Written by: Daphne Daulton (They/She)
My name is Daphne and this is my story. In the tsunami that was 2020, I developed a different perspective on the world. Growing into an adult, I had recognized at this point that my education was skewed, my retail career path was not what I was promised, and the American dream was not quite what I originally once thought. The values that indoctrinated my soul were not aligned with who I am. The international pandemic showed me the hidden true colors of the machine. However, learning online was not enough for me. I needed to be out in the field, doing my part.
When Roe v Wade was overturned, I became interested in rallies and collective action. With my newfound knowledge in a search for purpose I found Lancaster Stands Up. The members and staff of Lancaster Stands Up invited me with open arms. It started with anxiously calling legislators as part of the call crew. Every week we called senators and representatives to make our voice heard. It took dedication but ignited a passion. With the help of fellow organizers, I developed my values, skills and confidence to speak out publicly and interact on a more personal level.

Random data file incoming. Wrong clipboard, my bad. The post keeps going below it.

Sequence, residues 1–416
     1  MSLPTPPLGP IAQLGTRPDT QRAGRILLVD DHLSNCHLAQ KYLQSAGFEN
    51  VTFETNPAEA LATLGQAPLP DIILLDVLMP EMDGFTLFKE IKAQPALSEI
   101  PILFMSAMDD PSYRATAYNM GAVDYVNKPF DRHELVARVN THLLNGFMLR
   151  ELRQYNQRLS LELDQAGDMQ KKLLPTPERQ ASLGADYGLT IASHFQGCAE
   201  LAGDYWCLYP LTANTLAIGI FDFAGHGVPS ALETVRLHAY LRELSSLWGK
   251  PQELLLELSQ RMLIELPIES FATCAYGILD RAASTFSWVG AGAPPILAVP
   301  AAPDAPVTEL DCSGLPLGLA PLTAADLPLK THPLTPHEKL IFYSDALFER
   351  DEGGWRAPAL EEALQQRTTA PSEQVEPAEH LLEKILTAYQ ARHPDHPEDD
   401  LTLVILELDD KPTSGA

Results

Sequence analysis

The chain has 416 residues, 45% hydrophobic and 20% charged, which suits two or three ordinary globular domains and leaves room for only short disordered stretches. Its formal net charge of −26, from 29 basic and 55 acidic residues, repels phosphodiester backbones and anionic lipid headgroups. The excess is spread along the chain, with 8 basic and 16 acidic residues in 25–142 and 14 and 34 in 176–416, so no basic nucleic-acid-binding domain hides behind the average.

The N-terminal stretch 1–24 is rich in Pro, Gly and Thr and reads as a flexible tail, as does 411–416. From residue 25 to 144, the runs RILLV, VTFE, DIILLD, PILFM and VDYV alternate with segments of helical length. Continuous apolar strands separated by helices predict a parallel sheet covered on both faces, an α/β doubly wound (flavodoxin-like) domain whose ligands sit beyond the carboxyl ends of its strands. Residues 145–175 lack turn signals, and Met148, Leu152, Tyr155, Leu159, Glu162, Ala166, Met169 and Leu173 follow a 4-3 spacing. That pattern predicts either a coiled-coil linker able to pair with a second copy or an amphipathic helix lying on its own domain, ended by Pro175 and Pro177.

My first public speaking event was the rally for the Fairness Act. The solidarity we shared is something I will never forget. We made lots of new friends that day! I had already developed a love for organizing, but once I started discovering my true authentic self and identity, I knew I had to fight even harder, not just for my rights, but for all trans people. It’s one thing to advocate for human rights that don’t always directly affect me, but now it is deeply personal. I will not sit back and allow a negligent government to destroy the lives of my loved ones and myself. I do not do this out of fear. I do this out of compassion. Still hitting the phones, I have now extended my volunteering to the membership and leadership team where we water and sow the roots. I am honored every single day to be a part of this movement.
Through grassroots organizing I have gained purpose and the ability to hope. Hope that when I am old and gray we can look back together and be proud of the lives we saved. Hope is a dangerous thing; but not because of a patriarchal self-fulfilling prophecy. It gives me the drive to affect positive change in my community in a society that often feels hopeless to remedy. When we hope, the system loses. It’s time for the century of altruism.